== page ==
As expected, students suffered academically during the COVID pandemic. While students are now back in the classrooms, math and reading scores plummeted this year in 2022. Compared to 2019, math dropped 8 points in eighth grade and 5 points in fifth grade across the nation. Scores dropped 3 points in reading for both grades.
In California, fewer than half of the students (47%) passed the English language arts test, which was a 4 point drop from pre-pandemic 2018-2019. In math, only one third of the students passed, which was a 6% decline. Stanford, USC, and the UC system say that this massive decline has never been seen before and that this is an unprecedented challenge that we have to face. The disparities plaguing ethnic groups remain high, with 70% of Asian students scoring above the national standard, which is triple the rate for Latinos and Black students.
So what does this mean? We need to support our students as we ramp up our curriculum. But there’s a huge teacher shortage across the United States.
Remember when we used to give teachers shiny apples and gifts for the holidays? Those memories are long gone as students face classrooms with revolving doors for teachers, substitutes, and teacher aides. Some teachers are required to teach students with disabilities or English learners in addition to their regular classes because special education teachers are absent or didn’t return for the school year. Many schools shut down when 30% of their staff and 25% of their students call in sick. Imagine that? Other schools are reverting to remote learning when there aren’t enough teachers to cover classes. Principals are even stepping in to teach several classes at once just to fill staffing gaps.
Teacher shortages aren’t equally spread out among subject areas. Special education teachers ranks the highest in shortages, followed by mathematics, science, and foreign language. And many teachers are having to step up to help in the cafeteria work and to work without instructional aides.
So how do we recruit and encourage college students to become teachers? First we need to pay them and give them benefits like the professionals they are. Consider this report that considered teacher wages in 26 industrialized countries: teachers in the United States ranked dead-last on the list of average pay – making only 60% of what other college graduates make. In countries like Sweden, Germany, and Australia, teacher compensation is higher than 80% of other college graduates. And, US teachers work more hours than other countries.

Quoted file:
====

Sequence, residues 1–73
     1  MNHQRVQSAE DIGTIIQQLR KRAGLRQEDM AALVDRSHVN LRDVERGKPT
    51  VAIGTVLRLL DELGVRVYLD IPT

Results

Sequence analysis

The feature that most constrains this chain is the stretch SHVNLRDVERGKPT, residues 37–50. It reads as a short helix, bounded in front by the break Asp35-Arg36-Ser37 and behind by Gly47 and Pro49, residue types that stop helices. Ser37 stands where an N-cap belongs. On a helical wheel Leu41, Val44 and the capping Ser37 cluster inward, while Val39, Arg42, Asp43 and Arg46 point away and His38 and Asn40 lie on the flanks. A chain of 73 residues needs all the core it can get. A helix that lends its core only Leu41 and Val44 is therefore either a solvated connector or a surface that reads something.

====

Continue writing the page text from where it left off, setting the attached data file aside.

Fewer college students are entering teaching careers today. Back in the 1970s, about 12% of students planned to become teachers. Today, only 4% of college students are pursuing teaching degrees. That comes as no surprise when teaching has become a thankless job that won’t even pay a livable wage.
With increased teacher vacancies, and a dramatic drop in college students entering the teaching field, several states have eased teacher certification requirements. Some schools issue emergency teaching credentials just to speed up the process to secure the certification. In high schools, teachers are normally required to have a bachelor’s degree in the subjects they are credentialed to teach. While that makes sense because they need to have in-depth understanding of the subject to effectively teach a wide range of students to prepare them for higher education.
But some states, like Arizona, students can enter teacher training programs without a bachelor’s degree. The only requirement is that they enroll in college and they are supervised by a licensed teachers. In Florida, military veterans without bachelor’s degrees can receive a 5-year teacher certificate as long as they have 60 college credits (AA or community college degree) with a 2.5 GPA and pass a state exam to demonstrate their mastery of the subject-area knowledge.
This is appalling. Have we really devalued the education of our children – the youth who will take the reins and lead our nation? Teachers should be our most valued profession. They guide, mentor, and prepare all of our children to go out into the world. How will we be able to maintain our superpower status when our future leaders don’t have the academic acumen to compete on a world stage?